Kenyans want cancer declared a national disaster



“As leaders, we need to strategize on the way forward and how we will deal with the disease,” said Nairobi Governor Mike Sonko as he spoke about the life and recent passing of friend and colleague Joyce Laboso.

Bomet County Governor Dr Joyce Laboso

Laboso, who until her death Sunday, was the Bomet Governor, became the latest casualty of cancer. It is a disease that has claimed the lives of several high-profile Kenyans in recent years.

“Cancer is a serious disease. The reports we have now indicate that there are over 60 members of parliament with cancer,” said Sonko.

But while affluent politicians and citizens are able to travel outside the country for therapy, due to a lack of adequate facilities at home, the overwhelming majority of Kenyans get sick, suffer and eventually die.

Health Cabinet Secretary Sicily Kariuki says an estimated 33,000 Kenyans die of cancer or cancer-related ailments annually. Cancer is now the third leading cause of death in Kenya after infectious and cardiovascular diseases. The Global Cancer Observatory (Globocan) estimates that in 2018, there were over 48,000 new cases of cancer recorded in the East African country. There are now growing calls by Kenyans for the government to declare cancer a national disaster.

According to the National Cancer Institute of Kenya,  Kenya has only 35 oncologists in both private and public hospitals.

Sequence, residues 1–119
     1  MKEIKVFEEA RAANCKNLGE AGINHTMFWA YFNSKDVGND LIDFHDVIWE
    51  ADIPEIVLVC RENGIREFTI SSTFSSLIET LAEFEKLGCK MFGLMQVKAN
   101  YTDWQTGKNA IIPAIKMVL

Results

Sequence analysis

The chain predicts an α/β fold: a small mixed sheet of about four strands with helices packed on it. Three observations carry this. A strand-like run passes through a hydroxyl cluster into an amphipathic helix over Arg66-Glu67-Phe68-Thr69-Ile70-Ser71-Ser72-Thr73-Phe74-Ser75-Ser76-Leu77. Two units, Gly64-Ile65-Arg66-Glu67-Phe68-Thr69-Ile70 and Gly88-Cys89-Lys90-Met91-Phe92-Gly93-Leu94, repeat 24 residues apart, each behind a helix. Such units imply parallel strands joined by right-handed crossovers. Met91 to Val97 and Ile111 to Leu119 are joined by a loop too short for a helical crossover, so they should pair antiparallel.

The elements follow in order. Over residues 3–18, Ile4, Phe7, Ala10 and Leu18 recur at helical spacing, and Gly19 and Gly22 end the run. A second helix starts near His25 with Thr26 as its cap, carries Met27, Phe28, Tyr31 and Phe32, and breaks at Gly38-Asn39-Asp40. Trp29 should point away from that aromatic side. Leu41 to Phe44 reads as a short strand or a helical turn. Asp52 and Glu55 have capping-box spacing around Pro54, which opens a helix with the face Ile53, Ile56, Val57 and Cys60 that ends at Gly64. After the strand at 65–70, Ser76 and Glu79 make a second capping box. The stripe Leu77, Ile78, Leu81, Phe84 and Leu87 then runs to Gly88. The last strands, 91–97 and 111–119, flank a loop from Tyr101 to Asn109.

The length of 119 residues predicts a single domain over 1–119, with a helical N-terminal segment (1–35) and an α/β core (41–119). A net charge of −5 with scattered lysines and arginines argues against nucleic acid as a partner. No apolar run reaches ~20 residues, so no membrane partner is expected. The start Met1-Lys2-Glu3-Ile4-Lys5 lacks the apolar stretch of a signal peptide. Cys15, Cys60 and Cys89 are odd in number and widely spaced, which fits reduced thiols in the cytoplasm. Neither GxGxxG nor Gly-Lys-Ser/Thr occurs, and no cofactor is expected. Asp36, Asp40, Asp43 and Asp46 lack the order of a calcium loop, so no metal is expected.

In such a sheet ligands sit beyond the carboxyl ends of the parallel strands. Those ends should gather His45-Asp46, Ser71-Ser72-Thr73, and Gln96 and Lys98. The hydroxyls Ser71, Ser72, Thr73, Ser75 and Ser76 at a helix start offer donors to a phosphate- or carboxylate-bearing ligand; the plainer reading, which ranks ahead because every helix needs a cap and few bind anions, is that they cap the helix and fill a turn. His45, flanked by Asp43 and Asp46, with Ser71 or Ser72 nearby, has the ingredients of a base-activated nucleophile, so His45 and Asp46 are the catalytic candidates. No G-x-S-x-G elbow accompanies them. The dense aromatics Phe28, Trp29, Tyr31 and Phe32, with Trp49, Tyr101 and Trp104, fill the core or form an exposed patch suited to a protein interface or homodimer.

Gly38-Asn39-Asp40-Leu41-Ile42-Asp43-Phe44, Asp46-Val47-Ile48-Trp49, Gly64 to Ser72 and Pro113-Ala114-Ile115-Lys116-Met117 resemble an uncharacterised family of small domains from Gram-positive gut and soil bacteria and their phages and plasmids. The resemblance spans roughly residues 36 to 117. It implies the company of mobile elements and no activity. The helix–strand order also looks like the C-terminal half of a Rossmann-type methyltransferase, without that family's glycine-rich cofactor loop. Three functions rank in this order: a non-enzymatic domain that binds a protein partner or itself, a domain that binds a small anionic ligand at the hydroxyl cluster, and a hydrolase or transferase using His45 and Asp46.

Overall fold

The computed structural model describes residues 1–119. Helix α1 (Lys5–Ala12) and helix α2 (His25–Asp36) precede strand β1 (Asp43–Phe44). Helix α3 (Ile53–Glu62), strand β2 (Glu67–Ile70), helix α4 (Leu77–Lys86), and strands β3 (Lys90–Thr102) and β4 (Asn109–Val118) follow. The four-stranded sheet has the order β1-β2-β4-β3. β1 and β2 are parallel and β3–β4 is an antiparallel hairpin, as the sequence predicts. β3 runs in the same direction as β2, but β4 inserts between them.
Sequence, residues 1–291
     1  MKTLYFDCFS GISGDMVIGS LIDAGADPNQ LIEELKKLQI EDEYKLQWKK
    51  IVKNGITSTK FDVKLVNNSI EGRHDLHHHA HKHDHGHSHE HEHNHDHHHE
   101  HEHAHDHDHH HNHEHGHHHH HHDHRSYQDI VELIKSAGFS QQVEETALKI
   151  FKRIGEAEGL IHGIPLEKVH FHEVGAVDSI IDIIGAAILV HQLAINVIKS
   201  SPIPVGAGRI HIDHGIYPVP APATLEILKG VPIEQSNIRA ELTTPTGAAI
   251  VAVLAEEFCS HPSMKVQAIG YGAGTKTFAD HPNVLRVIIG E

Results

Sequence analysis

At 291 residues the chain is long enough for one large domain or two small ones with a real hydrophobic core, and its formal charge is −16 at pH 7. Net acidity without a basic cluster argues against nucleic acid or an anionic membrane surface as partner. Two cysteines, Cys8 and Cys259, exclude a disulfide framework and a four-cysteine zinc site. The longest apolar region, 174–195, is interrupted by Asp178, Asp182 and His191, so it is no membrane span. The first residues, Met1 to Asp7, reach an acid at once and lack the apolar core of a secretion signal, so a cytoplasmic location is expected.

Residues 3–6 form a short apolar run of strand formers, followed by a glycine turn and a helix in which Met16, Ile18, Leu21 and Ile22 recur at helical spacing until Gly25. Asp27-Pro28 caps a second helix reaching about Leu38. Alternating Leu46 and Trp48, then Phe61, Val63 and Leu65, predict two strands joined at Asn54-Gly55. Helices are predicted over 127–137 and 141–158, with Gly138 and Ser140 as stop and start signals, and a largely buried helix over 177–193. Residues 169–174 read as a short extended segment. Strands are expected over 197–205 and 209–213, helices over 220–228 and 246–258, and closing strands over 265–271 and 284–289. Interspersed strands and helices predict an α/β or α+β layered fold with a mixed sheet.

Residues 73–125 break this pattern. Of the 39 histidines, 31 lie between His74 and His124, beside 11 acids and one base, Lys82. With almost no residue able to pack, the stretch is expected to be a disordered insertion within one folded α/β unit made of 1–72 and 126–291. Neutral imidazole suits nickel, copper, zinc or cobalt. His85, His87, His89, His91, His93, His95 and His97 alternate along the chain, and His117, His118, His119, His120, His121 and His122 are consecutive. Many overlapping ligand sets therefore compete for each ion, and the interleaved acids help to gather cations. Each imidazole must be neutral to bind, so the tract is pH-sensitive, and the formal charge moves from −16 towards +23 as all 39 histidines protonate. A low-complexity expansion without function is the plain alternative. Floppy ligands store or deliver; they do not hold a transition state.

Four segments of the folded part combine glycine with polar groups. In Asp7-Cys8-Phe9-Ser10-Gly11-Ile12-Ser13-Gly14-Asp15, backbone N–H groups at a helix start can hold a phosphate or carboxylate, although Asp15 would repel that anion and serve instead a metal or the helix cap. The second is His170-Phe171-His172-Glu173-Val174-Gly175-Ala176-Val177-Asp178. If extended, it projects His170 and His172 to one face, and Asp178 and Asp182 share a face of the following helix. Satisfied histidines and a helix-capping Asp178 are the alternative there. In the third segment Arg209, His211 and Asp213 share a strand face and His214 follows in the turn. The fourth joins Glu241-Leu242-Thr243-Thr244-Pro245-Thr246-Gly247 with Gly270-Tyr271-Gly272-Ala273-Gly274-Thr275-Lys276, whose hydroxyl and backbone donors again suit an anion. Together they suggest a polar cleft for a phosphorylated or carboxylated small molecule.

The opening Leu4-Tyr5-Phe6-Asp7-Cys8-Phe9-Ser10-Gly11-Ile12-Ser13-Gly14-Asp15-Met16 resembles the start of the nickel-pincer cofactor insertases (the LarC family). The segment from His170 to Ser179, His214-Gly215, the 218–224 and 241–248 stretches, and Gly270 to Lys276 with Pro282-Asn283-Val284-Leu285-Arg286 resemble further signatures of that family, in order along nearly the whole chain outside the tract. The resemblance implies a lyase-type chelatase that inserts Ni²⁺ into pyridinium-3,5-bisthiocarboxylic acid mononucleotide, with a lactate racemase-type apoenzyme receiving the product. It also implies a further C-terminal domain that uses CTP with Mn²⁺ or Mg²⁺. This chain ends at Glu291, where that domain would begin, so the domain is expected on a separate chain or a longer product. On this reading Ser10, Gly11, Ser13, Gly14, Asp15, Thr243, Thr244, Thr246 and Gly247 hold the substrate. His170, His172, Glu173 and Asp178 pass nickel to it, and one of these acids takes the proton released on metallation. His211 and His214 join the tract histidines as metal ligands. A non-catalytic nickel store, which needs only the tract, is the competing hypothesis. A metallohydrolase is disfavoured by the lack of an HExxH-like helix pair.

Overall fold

“The country has only one public hospital which can offer radiotherapy treatment,” Philip Odiyo, Patient Support Manager at Faraja Cancer Support Trust, told Deutsches Welles,  adding that there are several private entities that offer the same treatment but the majority of Kenyans cannot afford it. The cost of treating cancer in Kenya can be as high as Kshs 2 million ($19,171 or 17,197 euros).

In 2017, Kenya launched its National Cancer Control Strategy 2017-2022. The main goal was to reduce cases of cancer and improve care for those already affected. Back then, 27,000 people were dying each year.

Part of the cancer control strategy was to build four regional cancer treatment centers in Kisii, Nakuru, Mombasa and Nyeri in order to decongest Kenyatta National Hospital. “I cannot authoritatively say that there is any center that has been set up, but so far we have not seen any in the country,” Odiyo said.

Kenyatta National Hospital turned to social media to appeal to Kenyans to help fund a cancer hostel worth Kshs 430 million. The hospital is hoping that ordinary citizens can achieve what the government has so far failed to do.

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